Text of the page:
What are they gunna do without tsmc? Back-port it to the 2xnm node they are allowed?
    Reply
  • Deicidium369
    gg83 said:
    What are they gunna do without tsmc? Back-port it to the 2xnm node they are allowed?
    SMIC or one of the other Chinese foundries - TSMC is Chinese as well, China allows them to think they are independent and separate.
    Reply
  • hotaru251
    nothign news worthy?

    i mean fastest super computer did same thing....
    (talking the arm based one with liek 3x the amount of cores)


    more cores = better at doing stuff that actually uses them all

    wanna bet the 24 core chinese one will also beat a 8 core ryzen 7?
    Reply
  • nofanneeded
    hotaru251 said:
    nothign news worthy?

    i mean fastest super computer did same thing....
    (talking the arm based one with liek 3x the amount of cores)


    more cores = better at doing stuff that actually uses them all

    wanna bet the 24 core chinese one will also beat a 8 core ryzen 7?

    The context is about China VS USA race ... China will catch up in 20-30 years ... After that USA will be no more the super power...
    Reply
  • bit_user
    the system is equipped with China's homemade Unified Operating System (UOS).
    As mentioned in the comments of the linked article, it's not accurate to call UOS a homemade OS. It's basically just another Linux distro.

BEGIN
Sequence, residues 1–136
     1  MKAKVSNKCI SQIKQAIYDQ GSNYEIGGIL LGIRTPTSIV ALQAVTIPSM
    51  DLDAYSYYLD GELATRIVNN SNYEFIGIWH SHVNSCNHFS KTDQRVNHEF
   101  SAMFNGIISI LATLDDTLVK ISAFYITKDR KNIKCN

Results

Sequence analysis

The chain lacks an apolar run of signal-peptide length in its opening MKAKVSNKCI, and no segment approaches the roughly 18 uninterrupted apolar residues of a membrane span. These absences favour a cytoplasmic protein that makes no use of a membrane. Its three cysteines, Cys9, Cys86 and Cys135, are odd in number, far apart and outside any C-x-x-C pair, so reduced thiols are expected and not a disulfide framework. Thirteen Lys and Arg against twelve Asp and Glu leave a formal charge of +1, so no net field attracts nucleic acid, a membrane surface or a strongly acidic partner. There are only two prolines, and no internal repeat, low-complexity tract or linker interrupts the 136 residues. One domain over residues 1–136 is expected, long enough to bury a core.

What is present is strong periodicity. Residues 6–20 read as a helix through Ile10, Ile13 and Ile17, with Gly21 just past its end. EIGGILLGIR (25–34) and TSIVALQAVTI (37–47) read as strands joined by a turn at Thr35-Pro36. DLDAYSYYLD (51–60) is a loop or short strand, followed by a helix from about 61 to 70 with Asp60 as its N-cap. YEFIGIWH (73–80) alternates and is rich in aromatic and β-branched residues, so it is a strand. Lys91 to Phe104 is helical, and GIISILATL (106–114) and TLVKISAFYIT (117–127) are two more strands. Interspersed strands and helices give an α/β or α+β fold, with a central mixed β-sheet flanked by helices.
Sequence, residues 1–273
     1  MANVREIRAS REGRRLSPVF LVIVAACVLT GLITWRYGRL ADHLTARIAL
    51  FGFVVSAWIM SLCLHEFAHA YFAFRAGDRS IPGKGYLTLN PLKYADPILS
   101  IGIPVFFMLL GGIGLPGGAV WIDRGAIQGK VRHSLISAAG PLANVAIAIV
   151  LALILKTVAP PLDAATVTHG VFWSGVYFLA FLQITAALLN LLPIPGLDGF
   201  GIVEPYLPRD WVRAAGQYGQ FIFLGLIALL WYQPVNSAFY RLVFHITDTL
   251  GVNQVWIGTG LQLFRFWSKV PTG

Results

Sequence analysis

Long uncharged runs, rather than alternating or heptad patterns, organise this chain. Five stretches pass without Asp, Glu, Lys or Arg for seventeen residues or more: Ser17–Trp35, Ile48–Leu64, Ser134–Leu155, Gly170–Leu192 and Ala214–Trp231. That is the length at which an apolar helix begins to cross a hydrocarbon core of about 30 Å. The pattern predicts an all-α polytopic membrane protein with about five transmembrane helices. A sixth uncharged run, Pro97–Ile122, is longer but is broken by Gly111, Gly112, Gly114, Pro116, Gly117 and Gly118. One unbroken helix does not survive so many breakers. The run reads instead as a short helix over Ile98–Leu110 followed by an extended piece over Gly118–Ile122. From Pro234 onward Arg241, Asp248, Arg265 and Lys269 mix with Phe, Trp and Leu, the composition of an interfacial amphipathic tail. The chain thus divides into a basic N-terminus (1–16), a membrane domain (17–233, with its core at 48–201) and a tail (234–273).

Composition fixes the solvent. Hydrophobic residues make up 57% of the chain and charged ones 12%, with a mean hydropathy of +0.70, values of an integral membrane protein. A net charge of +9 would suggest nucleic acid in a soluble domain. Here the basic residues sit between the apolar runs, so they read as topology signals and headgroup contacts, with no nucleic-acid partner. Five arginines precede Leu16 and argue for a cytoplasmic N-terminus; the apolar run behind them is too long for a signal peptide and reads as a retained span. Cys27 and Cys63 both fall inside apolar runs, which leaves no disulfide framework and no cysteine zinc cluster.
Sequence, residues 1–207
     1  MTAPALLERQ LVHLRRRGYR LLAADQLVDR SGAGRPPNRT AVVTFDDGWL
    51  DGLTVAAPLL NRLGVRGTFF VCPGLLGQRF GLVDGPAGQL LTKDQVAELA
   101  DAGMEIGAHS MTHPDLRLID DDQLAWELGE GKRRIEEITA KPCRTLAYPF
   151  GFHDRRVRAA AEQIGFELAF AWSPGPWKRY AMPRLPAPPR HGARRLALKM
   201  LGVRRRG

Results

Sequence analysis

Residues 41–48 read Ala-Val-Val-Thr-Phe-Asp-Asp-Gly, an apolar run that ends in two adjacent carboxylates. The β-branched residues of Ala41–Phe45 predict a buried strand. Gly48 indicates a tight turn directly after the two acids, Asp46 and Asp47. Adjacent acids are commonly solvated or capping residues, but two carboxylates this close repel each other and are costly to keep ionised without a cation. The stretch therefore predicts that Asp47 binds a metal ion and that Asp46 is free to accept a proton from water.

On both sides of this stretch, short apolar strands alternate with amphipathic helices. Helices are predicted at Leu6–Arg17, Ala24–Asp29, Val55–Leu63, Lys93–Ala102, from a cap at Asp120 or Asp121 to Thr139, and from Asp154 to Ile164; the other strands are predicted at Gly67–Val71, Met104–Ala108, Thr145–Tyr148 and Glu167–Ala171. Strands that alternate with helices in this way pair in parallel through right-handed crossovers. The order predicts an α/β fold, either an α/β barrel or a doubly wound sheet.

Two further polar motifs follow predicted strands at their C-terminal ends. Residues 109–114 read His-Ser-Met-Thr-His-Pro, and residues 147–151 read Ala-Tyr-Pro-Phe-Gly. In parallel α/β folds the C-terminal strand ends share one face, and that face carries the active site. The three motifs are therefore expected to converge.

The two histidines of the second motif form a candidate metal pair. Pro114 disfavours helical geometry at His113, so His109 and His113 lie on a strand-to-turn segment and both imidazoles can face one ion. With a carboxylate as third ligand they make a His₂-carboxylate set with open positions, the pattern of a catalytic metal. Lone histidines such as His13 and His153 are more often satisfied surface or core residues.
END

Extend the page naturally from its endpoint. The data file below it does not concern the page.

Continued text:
Also, I'd imagine the system has some form of secure-boot, that prevents unapproved (i.e. non-backdoored) OS images from booting on it.

    The rear of the case holds four USB Type-A ports, one Ethernet port, three 3.5mm audio jacks and a D-Sub port.
    That's a serial port - it even says COM above it!

    So, we don't actually see any sort of monitor connection. ...except for a sort of ghostly image of what might be a 15-pin VGA connector, next to the COM port. I'm not sure what's going on with that - did someone do a poor job of photoshopping it out?
    Reply
  • bit_user
    Jimbojan said:
    Intel Core i9-9900K is only 8 core, it is far cheaper to make and program, comparing to 28 cores of Huawei, there should not be any comparison. It is a wasting of time to compare.
    I don't believe an 8-core Coffee Lake is cheaper. I think the ARM cores are much smaller, which is why they can fit up to 80 of them on a die. Also, this CPU doesn't have integrated graphics, which should also help on costs. Finally, it's 24 cores - not 28.

    As for ease of programming, workloads that scale up to 16 threads should pretty easily reach 24. The OS they would use is Linux-based, so that wouldn't change in either case.

    ARM has been around for a long time, so not much difference in maturity of the toolchain or OS support.
    Reply
  • bit_user
    artk2219 said:
    Also its a shame that the PC is so locked down, but I guess it is meant for government and other high security offices where they dont want you changing or touching a thing.
    A PC made for the Chinese market will probably have some sort of secure-boot feature, limiting it to using only Operating Systems signed by the Chinese government. They've got to have their backdoors in place (and nobody else's), so they can spy on & control the populace.

    Given that, I wouldn't take one if you paid me to, no matter how upgradable it is.
    Reply